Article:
Proximus unveils NXT big step for enterprise growth
- Belgian operator is looking to capture more enterprise opportunities
- It has rebranded its business arm to Proximus NXT
- The telco claims NXT can help businesses tackle challenges around rapid technology innovations, such as AI
- Similar steps have already been taken by other telco giants in Europe
Coming late to the party compared to its major European rivals, Proximus has rebranded its enterprise arm as it aims to seize new business opportunities in its markets of Belgium, the Netherlands and Luxembourg.
What was previously known as Proximus Enterprise has been renamed as Proximus NXT, a step Belgium’s national operator believes will magically turn it into “the leading player in the ICT sector” in the Benelux region, which comprises the three neighbouring European countries.
The company claimed the repositioning of its business offering will help its enterprise customers “embrace the digital transformation and stay on top of the game” by guiding them through “the digital labyrinth” of constantly evolving technological developments, such as artificial intelligence (AI), advanced data analytics, virtual reality (VR), quantum computing, cloudification and machine learning (ML).
To further prove its point and depict a chaotic landscape in the ICT sector, Proximus highlighted the ever-changing needs and expectations of customers “at a pace never seen before”, opening the door to new cyberthreats. The operator cited data that suggested one in three companies dealt with at least one cyber incident in 2022, driven by spear phishing (a targeted attempt to steal sensitive information, such as account credentials or financial information), ransomware and malware attacks. At the same time, the number of AI misuses is said to have increased 26 times since 2012.
Noting that there are also “tremendous opportunities” from technologies such as generative AI (GenAI), which is set to bring “a new world of practical possibilities”, Proximus emphasised that enterprises can experience “a real difficulty” in adapting to innovations if they fail to work with “the right partners” on reinventing their business models.
This is where Proximus NXT, as the telco put it, comes to the rescue in “a scattered B2B landscape”, as it pledges to help its enterprise customers “transform these technological challenges into opportunities”.
The new name of Proximus’s enterprise unit was determined by the company together with its employees, customers and partners to convey its focus on next-generation technologies, with the ‘X’ in Proximus NXT standing for “the close collaboration that Proximus wishes to have with its customers and its partners within its ecosystems.”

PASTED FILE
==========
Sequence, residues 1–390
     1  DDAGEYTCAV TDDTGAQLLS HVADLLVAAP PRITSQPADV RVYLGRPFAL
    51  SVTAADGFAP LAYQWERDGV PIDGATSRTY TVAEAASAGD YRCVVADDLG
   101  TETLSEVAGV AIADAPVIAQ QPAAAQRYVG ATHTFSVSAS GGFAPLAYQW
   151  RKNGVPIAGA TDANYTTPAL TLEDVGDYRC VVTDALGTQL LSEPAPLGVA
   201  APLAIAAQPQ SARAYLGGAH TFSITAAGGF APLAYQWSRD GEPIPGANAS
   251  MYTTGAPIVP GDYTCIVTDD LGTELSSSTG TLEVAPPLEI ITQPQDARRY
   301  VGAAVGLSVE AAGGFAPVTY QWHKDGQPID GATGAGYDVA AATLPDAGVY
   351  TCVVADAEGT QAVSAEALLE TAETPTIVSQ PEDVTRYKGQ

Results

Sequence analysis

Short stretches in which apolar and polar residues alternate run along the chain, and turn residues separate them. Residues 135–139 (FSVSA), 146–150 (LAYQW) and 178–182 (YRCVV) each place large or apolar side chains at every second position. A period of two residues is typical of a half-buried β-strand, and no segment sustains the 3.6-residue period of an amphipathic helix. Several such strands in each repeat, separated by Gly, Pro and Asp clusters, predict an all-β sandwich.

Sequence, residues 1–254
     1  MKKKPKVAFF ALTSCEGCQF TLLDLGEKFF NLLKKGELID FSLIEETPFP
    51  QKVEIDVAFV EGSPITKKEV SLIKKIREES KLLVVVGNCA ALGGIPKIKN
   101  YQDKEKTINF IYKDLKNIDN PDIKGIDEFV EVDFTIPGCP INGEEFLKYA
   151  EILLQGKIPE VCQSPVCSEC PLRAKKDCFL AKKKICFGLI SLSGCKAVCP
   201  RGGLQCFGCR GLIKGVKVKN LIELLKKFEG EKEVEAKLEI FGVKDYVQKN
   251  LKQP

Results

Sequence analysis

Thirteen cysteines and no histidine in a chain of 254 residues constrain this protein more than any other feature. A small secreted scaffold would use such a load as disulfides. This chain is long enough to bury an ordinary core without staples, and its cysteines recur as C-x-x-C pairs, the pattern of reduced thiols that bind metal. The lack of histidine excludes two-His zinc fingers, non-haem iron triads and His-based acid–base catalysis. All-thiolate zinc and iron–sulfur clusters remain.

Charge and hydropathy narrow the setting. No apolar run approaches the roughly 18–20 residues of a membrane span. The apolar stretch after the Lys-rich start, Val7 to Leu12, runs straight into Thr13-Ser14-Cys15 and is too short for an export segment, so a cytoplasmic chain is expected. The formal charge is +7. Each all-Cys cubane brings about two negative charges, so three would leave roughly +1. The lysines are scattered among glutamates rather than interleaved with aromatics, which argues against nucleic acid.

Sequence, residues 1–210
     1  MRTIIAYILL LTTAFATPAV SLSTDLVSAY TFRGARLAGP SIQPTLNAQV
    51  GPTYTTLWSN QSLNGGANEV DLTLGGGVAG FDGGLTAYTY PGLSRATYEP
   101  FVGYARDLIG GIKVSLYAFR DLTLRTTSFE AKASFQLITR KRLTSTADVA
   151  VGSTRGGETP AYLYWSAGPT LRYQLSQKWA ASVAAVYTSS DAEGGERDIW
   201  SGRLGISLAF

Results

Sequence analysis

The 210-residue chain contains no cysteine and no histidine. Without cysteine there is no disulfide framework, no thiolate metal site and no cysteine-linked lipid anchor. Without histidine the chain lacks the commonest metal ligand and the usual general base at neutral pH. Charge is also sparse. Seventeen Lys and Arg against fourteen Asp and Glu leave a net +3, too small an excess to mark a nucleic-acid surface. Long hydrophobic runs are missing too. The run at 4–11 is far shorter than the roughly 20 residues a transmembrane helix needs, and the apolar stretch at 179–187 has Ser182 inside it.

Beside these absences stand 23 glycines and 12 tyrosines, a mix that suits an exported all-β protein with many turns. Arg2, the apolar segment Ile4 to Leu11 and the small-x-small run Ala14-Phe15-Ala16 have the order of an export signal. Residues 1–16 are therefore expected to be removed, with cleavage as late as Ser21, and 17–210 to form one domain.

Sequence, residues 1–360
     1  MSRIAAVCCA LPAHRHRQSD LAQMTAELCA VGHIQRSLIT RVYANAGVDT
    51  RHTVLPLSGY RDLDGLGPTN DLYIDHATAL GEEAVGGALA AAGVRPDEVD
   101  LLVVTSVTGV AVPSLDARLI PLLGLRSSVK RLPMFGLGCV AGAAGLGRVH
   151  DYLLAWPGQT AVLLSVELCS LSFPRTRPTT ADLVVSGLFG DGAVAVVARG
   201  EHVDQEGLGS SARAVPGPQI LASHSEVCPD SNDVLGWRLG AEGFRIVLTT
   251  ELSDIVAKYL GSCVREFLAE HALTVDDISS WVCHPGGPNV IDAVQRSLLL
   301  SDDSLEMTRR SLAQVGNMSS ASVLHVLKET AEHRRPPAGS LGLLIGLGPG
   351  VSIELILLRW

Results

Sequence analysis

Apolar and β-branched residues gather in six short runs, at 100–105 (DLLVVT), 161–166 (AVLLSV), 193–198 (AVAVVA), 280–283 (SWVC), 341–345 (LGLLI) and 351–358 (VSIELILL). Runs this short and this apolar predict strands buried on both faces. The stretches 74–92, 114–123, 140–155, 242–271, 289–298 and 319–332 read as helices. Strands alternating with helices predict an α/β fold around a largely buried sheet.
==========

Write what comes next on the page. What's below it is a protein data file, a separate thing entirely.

The Belgium-based telco, which claims to be a pioneer in 5G and fibre, stated that its arsenal offers “solid assets”, adding that it enjoys a leading position in domains such as cybersecurity, hybrid cloud, sovereign cloud, workplace and AI, thanks to its inhouse talent and partnerships with numerous companies, including HCL, Microsoft, Google, Cisco and Odoo. Its partnership with Odoo aims to deliver digital solutions that help small and medium-sized businesses with their day-to-day operations, such as managing customer relations, sales, e-commerce and accounting – see What’s up with… Proximus, the global RAN market, pureLiFi.
Better late than never?
With this move, it appears that Proximus is following in the footsteps of other operators that are aiming to position themselves as ideal partners to enterprises and take advantage of their digital transformation through the use of AI, ML and other innovative technologies. Prime examples in Europe include Orange Business, Telefónica Tech, Vodafone Business, BT Business and even Verizon Business.
And while some of these companies (such as Orange, BT and Verizon) have been relying on overhauling their enterprise units by appointing new management figures, Proximus has taken a different approach: Proximus NXT will be headed by Anne-Sophie Lotgering (pictured above), who has been leading Proximus Enterprise since July 2020, in the role of enterprise market lead.
Commenting on the rebranding, Lotgering noted that the move is not just about using a new name but is, in fact, “a new way of being”. “Proximus NXT anticipates and prepares for the challenges” of the ever-changing business landscape by “fostering open networks and partnerships, and helping our clients to be successful while prioritising end-to-end security and sovereignty.”
She noted that the company’s biggest asset is its “highly skilled people”, pointing out that Proximus has increased its IT talent “significantly” over the past year with the addition of 400 new specialists. “In the context of a heightened war for talent, it is good that Proximus NXT is increasing our attractiveness to IT professionals”, she added.
While the company does not offer a breakdown of how much group revenue was generated by enterprise customers, it did state in its annual report for 2022 that in Belgium alone (the company’s largest single market, naturally), business users generated revenues of almost €1.9bn in 2022, up by 1.7% year on year.
- Yanitsa Boyadzhieva, Deputy Editor, TelecomTV